26 May

Vernon Alley
Bass, b.1915 d.2004, Winnemucca, NV

Neil Richard Ardley
Composer, b.1937 d.2004, Wallington, England
Ardley was a prominent English jazz pianist and composer, who also made a name as the author of more than 100 popular books on science and technology, and on music. Foe more info go to http://en.wikipedia.org/wiki/Neil_Ardley

Harold Shorty Baker
Trumpet, b.1914 d.1966, St. Louis, MO
Baker was a jazz trumpeter. He started on drums, but switched to trumpet in his teens. He began on riverboats and played with Don Redman in the mid-1930s. He also worked with Teddy Wilson and Andy Kirk before his more noted association with Duke Ellington. He would marry Kirk’s pianist Mary Lou Williams. For more info go to http://en.wikipedia.org/wiki/Harold_Shorty_Baker

Gene DiNovi
Piano, b.1928, Brooklyn, NY

Ziggy Elman
Trumpet, b.1914 d.1968, Philadelphia, PA
Harry Aaron Finkelman, better known by the stage name Ziggy Elman, was an American jazz trumpeter most associated with Benny Goodman. He was born in Philadelphia, Pennsylvania, but his family settled in Atlantic City when he was age four. His father was a klezmer violinist who hoped he would play violin as well, but he abandoned this instrument at an early point. Harry began playing for Jewish weddings and nightclubs at age 15. For more info go to http://en.wikipedia.org/wiki/Ziggy_Elman

Calvin Jackson
Piano, b.1919 d.1985, Philadelphia, PA

Peggy Lee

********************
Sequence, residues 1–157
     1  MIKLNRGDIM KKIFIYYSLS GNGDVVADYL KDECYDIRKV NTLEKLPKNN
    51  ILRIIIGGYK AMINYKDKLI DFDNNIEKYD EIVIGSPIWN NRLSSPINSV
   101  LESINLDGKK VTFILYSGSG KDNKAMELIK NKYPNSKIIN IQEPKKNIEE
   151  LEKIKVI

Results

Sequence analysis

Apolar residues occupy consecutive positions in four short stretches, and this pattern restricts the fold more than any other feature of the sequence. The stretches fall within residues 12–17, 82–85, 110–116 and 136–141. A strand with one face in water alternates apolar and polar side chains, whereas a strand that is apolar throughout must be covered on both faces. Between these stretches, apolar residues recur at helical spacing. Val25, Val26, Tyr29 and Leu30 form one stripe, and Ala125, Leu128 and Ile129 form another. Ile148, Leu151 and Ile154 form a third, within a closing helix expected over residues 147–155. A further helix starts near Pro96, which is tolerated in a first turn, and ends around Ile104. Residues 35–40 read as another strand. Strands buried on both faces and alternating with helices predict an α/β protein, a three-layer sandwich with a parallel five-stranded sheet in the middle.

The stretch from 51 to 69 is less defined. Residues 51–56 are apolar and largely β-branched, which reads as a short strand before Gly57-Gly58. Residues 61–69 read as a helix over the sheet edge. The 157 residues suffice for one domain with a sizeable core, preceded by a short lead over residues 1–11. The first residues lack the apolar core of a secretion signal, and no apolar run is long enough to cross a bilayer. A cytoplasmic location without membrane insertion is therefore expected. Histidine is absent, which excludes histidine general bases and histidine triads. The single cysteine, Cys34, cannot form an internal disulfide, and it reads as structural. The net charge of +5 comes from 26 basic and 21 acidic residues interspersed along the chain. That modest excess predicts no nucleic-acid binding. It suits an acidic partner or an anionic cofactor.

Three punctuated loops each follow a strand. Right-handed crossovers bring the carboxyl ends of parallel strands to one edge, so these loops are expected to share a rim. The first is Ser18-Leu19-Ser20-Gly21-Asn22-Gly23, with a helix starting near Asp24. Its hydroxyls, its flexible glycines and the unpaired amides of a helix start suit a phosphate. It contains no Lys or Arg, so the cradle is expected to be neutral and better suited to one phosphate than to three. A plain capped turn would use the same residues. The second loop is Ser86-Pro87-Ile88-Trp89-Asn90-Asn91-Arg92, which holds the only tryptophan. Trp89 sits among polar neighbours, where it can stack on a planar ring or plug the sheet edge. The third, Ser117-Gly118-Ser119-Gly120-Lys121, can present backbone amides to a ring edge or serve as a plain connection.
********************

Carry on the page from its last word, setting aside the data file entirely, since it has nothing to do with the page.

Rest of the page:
Vocal, b.1920 d.2002, Jamestown, North Dakota
She was an American Jazz and Traditional Pop singer and songwriter and Oscar-nominated performer. She was born Norma Deloris Egstrom and was famous for her “soft and cool” singing style, which she is thought to have developed in response to noisy nightclub audiences. Though she recorded dozens of hit songs (many written or cowritten by herself), Miss Lee might be best known for her interpretation of the Davenport/Cooley composition “Fever” and the song written by her and Dave Barbour, “It’s a Good Day”. For more info go to http://en.wikipedia.org/wiki/Peggy_Lee

Ady Rosner
Trumpet, Leader, b.1910 d.1976, Berlin, Germany

Mamie Smith
Vocal, b.1883 d.1943, Cincinnati, OH
She was a vaudeville singer, dancer, pianist and actress, and appeared in several motion pictures late in her career. As a vaudeville singer she performed a number of styles including jazz and blues. She entered blues history by being the first African American to make vocal blues recordings in 1920.

Smith was born Mamie Robinson in Cincinnati, Ohio. She toured with African-American vaudeville and minstrel shows until settling in New York City in 1913, where she worked as a cabaret singer. She appeared in songwriter Perry Bradford’s musical “Made in Harlem” in 1918. For more info go to http://en.wikipedia.org/wiki/Mamie_Smith

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